Conveying the Horror of Battle to a Civilian

Posted: February 16, 2014 in Civil War
Tags: , , , , , , , ,

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Henry Matrau, CO G, 6th Wisconsin Regiment

“We had an awful hot time at Gettysburg but it does seem that I was the luckiest fellow in existence. There were men falling in every direction around me & the best-hearted fellow in our company was killed right close to me, so near that he nearly fell on me.”

Matrau’s description is in line with most other accounts of the 1st day of Gettysburg. Nearly all literate survivors of the battle would write to someone about their experience, but few would go into gory detail.

Only a veteran can describe the real horror of combat, and every veteran needs only one shot fired at them to understand that civilians will never understand, never empathize, never see how war really is. This effect was multiplied in the days before mass media, when a propaganda song was all that was needed to convince a town that war brought all those involved in it absolute glory.

How does one sit down and compose a letter, and themselves, after spending nearly an entire day killing the enemy and watching those around them die or become maimed?

“My dear Mother,” wrote Major Rufus R Dawes to his mother on September 5, 1862. “I have tried in several ways to send you word of my safety. We have had a terrible ordeal. We were in battle or skirmish almost every day from August 21st to 31st. Our brigade has lost eight hundred men; our regiment, one hundred and twenty-five. The country knows how nobly our men have borne themselves. I have been at my post in every battle…”

Dawes, even in mentioning the losses in terms of numbers, keeps the horror of war masked behind cold figures and the gallantry of the regiment.

Many, including Dawes, would credit a higher power with their survival. Some would skim right over the details of battles, especially after having seen a lot of it, begging excuse for the omission. After the battle of Weldon Railroad, Matrau would write his parents, “… I take this opportunity to tell you that we had another battle, or, rather, a series of battles, scince (sic) I wrote to you and that your unworthy son, by the watchful guidance of Providence, is still left alive and well. I will not go into a regular detailed acct of the battles for I hav’nt (sic) the room or time…”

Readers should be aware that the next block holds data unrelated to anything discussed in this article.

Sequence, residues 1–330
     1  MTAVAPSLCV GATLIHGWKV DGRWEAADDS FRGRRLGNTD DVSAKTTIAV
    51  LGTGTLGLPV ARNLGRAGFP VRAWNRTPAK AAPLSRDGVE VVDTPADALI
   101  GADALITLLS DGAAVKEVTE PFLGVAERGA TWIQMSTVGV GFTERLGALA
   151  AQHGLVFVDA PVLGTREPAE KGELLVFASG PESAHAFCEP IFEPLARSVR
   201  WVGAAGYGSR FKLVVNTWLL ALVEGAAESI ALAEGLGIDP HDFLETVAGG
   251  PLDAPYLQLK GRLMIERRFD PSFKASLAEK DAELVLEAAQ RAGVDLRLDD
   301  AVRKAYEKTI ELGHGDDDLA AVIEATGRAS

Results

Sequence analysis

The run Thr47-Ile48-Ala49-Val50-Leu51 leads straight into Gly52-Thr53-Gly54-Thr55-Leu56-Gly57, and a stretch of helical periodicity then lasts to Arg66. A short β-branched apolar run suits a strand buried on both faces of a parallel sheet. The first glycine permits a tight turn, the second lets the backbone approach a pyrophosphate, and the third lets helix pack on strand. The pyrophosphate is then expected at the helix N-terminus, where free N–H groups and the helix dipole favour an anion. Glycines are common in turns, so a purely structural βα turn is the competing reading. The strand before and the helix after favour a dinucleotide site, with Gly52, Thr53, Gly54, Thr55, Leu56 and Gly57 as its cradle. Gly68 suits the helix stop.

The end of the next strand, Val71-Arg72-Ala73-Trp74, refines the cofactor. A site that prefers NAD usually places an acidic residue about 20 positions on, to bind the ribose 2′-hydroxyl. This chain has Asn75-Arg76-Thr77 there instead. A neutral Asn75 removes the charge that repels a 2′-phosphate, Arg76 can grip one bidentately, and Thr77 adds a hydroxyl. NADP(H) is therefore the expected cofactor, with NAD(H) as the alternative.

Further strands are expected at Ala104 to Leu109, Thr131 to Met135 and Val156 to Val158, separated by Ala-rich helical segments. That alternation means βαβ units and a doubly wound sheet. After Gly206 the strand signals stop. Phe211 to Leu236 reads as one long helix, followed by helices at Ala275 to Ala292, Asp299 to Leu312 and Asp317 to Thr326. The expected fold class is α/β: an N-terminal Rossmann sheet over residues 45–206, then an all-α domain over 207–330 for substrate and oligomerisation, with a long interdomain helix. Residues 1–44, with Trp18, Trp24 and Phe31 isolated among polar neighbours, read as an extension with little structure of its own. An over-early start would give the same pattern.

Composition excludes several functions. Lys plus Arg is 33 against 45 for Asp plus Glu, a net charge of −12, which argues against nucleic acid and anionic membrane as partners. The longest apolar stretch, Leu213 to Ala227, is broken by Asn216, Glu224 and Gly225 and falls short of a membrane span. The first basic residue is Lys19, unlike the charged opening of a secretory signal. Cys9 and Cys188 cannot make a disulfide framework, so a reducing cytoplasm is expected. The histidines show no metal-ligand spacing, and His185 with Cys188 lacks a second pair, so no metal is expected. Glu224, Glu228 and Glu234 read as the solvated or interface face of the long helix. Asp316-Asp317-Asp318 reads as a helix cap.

Although it is possible, probable even, that Matrau hadn’t the room or time, it is even more likely that he hadn’t the words to describe what he’d seen and done that day.

Sources:

Letters Home, Henry Matrau of the Iron Brigade, Edited by Marcia Reid-Green;

Sixth Wisconsin Volunteers, Rufus R Dawes

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Comments
  1. I find this really fascinating. As a civilian I can easily say that I have no idea how hard battle is to live through, but what I hadn’t registered until now is that I have no idea how hard it is to talk about it afterwards.

  2. My Stuff says:

    I am fascinated by the letters and diaries that soldiers have left behind. These are a special pieces of history, they are personal and factual, not pieces of propaganda. great stuff. thanks VK

  3. authormbeyer says:

    I am nutty about the Civil War even though I am a total pacifist (a term which here does not mean that I live near the Pacific Ocean.) I am a born Yankee living in the deep south and fascinated by polarizing culture clashes. Thank you for sharing this.

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